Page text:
It is not difficult to see why Australia would be attractive to newcomers. Despite the lack of arable land and increasingly hot summers (this one was the hottest ever on record), the quality of daily life for most people in Australia is about as good as it gets anywhere. Plenty of sunshine and relatively mild winters are welcome. Freedom of expression and religious practice is a given. And ample job opportunities exist for those who aspire to improve their lot in life. What is not to like about that?

One reason the quality of life here is so high is the wealth generated by the exploitation of Australia’s mineral wealth. Gold rushes originally sparked the population explosions of the 1850s and 1880s. Today Australia’s economy is powered by its large-scale export of minerals – iron ore, lead, zinc, uranium and coal – most notably to China. It used to be said that if the U.S. sneezed, the world economy caught cold. Today, if China’s economy catches even a mild cold, Australians can feel pneumonia coming on. A slight slowdown in the Chinese economy last year contributed to a temporary dip in its imports from Australia. This unanticipated development knocked the budget out of balance, giving the lie to the Labor Government’s repeated assertions that it would without doubt balance the budget in 2013. The government’s failure to keep its promise has afforded the Liberal (i.e. Conservative) opposition fruitful talking points for the coming federal elections.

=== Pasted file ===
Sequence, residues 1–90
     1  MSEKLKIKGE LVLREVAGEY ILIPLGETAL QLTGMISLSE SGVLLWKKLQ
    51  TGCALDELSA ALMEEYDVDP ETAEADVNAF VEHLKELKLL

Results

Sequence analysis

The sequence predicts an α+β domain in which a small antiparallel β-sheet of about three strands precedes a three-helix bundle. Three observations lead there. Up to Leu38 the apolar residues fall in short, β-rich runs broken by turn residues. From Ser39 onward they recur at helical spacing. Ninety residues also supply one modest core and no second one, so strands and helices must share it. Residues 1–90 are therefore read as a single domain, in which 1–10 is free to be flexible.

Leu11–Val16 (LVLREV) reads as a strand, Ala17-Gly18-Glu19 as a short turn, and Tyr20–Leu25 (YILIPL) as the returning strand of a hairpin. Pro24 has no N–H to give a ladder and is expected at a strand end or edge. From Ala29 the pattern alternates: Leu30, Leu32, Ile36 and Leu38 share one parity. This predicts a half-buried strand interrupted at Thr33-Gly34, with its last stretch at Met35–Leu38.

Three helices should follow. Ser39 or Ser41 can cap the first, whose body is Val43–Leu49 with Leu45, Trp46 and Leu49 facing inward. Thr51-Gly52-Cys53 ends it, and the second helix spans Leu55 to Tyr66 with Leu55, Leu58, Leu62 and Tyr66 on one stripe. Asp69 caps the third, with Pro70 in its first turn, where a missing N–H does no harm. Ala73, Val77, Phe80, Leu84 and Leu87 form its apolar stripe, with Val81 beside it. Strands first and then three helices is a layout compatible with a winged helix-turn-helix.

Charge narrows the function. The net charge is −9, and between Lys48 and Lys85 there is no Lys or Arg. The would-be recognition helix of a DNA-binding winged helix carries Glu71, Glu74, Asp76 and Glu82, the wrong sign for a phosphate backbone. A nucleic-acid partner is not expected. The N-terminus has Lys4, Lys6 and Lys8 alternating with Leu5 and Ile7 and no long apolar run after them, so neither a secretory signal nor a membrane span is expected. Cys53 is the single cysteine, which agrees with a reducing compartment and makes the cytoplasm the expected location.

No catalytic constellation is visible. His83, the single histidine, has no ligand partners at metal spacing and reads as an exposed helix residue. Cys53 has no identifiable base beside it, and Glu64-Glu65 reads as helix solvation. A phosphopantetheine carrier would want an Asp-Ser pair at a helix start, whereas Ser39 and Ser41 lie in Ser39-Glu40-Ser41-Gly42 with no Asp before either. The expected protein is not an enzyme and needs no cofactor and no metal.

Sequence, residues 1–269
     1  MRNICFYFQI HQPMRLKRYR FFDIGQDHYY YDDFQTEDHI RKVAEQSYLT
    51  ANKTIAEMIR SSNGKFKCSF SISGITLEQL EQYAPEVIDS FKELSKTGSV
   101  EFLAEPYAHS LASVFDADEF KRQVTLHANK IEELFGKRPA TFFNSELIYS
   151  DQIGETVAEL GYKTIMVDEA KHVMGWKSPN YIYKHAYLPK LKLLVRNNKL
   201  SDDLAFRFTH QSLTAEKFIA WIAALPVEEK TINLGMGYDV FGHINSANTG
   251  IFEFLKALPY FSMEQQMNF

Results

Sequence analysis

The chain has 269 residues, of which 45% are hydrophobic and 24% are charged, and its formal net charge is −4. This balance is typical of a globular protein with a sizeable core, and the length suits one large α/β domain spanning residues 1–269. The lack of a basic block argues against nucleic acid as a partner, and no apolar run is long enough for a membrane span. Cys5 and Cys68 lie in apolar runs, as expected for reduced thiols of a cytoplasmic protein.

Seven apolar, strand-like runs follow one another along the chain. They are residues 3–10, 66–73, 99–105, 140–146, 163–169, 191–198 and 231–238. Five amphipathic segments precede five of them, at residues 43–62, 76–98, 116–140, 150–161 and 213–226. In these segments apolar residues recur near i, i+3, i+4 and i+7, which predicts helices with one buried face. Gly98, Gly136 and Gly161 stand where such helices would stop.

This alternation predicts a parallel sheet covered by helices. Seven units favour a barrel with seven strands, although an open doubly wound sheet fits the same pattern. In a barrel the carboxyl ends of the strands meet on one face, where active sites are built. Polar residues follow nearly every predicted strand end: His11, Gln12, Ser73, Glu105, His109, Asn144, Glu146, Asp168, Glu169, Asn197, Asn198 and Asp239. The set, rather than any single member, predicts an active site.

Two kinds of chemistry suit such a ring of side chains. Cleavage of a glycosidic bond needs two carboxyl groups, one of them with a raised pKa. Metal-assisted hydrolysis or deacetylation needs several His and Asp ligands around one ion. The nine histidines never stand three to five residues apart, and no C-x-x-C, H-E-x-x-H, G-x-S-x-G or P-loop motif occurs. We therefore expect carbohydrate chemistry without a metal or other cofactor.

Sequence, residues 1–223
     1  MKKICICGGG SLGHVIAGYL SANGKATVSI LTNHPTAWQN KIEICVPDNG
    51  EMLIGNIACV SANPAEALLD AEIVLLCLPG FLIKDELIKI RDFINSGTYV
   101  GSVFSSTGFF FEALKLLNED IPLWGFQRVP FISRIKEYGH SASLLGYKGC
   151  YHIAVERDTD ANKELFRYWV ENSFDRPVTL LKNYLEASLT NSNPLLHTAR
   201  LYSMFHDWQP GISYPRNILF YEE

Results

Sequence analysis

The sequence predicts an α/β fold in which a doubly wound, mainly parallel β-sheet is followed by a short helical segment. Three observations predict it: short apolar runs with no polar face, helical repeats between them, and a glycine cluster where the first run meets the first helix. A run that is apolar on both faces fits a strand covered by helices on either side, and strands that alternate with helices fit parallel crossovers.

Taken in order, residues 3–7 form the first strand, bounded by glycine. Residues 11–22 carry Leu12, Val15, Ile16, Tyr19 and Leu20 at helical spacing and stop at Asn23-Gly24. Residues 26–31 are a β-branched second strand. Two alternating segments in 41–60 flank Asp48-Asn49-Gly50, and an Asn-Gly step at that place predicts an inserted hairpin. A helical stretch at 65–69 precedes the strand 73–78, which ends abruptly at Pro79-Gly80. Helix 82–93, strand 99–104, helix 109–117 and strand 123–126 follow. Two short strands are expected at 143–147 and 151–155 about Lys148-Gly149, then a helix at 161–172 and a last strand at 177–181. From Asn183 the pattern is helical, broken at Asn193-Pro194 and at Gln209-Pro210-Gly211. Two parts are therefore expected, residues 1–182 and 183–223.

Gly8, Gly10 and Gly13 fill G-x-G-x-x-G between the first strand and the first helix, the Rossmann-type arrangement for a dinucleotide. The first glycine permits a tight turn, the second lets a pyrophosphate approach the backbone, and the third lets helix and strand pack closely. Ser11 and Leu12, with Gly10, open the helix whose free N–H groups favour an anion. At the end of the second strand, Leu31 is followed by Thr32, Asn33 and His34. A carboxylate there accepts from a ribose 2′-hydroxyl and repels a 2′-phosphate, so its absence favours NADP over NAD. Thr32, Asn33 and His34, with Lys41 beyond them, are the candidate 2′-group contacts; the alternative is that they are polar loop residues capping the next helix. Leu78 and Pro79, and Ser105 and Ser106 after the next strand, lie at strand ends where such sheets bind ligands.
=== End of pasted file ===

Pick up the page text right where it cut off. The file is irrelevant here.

Worse for the Labor Party, it turned out that when it negotiated an arrangement to tax the super-profitable mining companies it effectively let them write the provisions of the tax. Is it any surprise that what was projected as $2 billion in income from this “carbon tax” has so far generated barely $100 million in revenue. The hooting from the Liberals about mismanagement has been echoed across the media and in Canberra, much to the government’s discomfort. It’s worth noting that under a new Liberal government carbon tax revenue would be zero, since the Liberals don’t believe in taxing the mining companies at all.

As a consequence of the above economic and tax stumbles, various scandals and other self-inflicted wounds (including bitter factional infighting) the Labor government seems poised to suffer a Waterloo rout in the Sept. 14 elections. While a day can be a lifetime in political campaigns, the polls and focus groups strongly suggest people think it is time for a change.